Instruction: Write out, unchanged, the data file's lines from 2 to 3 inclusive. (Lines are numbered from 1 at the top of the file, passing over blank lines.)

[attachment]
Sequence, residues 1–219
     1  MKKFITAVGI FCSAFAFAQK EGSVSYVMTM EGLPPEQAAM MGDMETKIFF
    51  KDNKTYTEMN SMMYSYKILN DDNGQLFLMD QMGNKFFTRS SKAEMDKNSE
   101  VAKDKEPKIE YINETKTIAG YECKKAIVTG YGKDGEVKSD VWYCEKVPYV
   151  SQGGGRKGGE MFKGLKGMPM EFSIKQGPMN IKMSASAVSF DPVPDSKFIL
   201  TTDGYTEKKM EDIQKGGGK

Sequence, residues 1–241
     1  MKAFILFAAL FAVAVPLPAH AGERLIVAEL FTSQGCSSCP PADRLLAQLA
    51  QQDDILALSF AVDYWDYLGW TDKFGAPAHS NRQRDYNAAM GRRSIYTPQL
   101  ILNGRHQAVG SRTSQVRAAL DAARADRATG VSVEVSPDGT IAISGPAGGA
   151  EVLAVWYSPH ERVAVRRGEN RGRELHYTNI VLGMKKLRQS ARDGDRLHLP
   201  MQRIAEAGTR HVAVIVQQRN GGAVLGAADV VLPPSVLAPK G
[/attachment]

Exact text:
     1  MKKFITAVGI FCSAFAFAQK EGSVSYVMTM EGLPPEQAAM MGDMETKIFF
    51  KDNKTYTEMN SMMYSYKILN DDNGQLFLMD QMGNKFFTRS SKAEMDKNSE